Dr. Babul: I’ll speak first to my mother and then to my father. My mum came from a family dominated by five girls, and my grandfather encouraged all of them to go to school in the little town of Mwanza (Tanzania) where I was born. They were among the first girls to not only attend secondary school but also to write the A-level exams and pass them. So my mum was a sharp cookie – she used to compete with her elder sister for first place in their class annually – and I remember growing up, she was the one who’d be helping me with my math homework and schoolwork in general. And so that emphasis on education was really my mother’s influence; it was my mother who ensured – in a very hands on way – that my sisters and I did our very best.
In fact, I remember that my father was doing very well in the cotton export business, and did not want to leave East Africa when we received our visas for Canada. And it was a tension filled few months because my dad felt that my mother and us should emigrate and he would just stay in East Africa and support us and send money, or, if my mum didn’t want to do that then we, the children, should be sent abroad to boarding school. But my mum was absolutely adamant that in order for the kids to get the best education, they needed to be in a secure environment and that required both parents and a stable home environment.
And I remember this really well because it culminated with His Highness the Aga Khan’s (Mawlana Hazar Imam) visit to Kenya – I think it was either 1971 or 1972. We had an opportunity, like many other members of the Ismaili community, to meet with him. As we approached His Highness, my father decided that he would pose a question to Hazar Imam. And Hazar Imam, in his characteristically cryptic fashion, essentially advised my father that he really had no choice.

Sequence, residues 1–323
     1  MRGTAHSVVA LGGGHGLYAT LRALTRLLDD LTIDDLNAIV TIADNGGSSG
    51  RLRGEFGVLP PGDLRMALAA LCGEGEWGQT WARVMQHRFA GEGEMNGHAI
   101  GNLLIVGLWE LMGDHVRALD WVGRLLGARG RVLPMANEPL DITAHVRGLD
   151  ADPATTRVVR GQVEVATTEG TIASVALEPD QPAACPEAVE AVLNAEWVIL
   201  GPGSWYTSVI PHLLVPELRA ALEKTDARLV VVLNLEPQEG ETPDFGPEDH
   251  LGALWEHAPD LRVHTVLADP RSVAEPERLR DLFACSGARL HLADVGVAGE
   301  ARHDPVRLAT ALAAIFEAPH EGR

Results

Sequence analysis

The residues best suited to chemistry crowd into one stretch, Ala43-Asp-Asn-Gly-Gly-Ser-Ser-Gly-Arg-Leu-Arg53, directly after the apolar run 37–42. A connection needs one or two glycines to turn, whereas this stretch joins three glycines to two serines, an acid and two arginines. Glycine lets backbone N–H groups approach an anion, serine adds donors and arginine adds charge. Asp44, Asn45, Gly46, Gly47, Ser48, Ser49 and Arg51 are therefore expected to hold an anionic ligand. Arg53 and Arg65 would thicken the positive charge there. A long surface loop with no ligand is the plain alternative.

Simerg: No choice with regard to what?
Dr. Babul: Well, to leave. When my father asked Hazar Imam what he should do, Hazar Imam turned around and looked at myself and my sisters and said, “Are these your children?” And my father said “Yes, Khudavind*.” And Mawlana Hazar Imam said, “I think you know what you need to do.”
So my father gave up a lot when he moved and it was up to us to make sure that the sacrifices were not in vain. My father had to leave school when he was eleven years old. His father passed away and in order to take care of his family business, he had to leave school and so he never had an opportunity to complete his education.
Still, he was a remarkably smart and astute individual himself, a self-made man; he read extensively, and we used to have a library in Mwanza, of books that covered a whole range of subjects from philosophy to psychology to economics. He and his friends would discuss religion, theology, and philosophy, and at dinner time, my father would sit at the table and would challenge me to think – he would pose questions and I’d have to respond. I had to actually justify why I thought what I thought. And so there was a constant debate, but it was much later that I also learnt that part of doing well, even in academia, involves possessing a certain skill which I tend to call “being a Varnio.” It refers to that trader skill, that ability to negotiate, and manage circumstances around you to your own advantage. And my father was very good at that. I never felt that I had it in me, but I guess it eventually rubbed off.
Simerg: Dr. Babul, you have referred to the fact that your mum and all her sisters were educated. Would you attribute that to the advice that the late Aga Khan (Mawlana Sultan Muhammad Shah) gave to the community about the importance of educating women?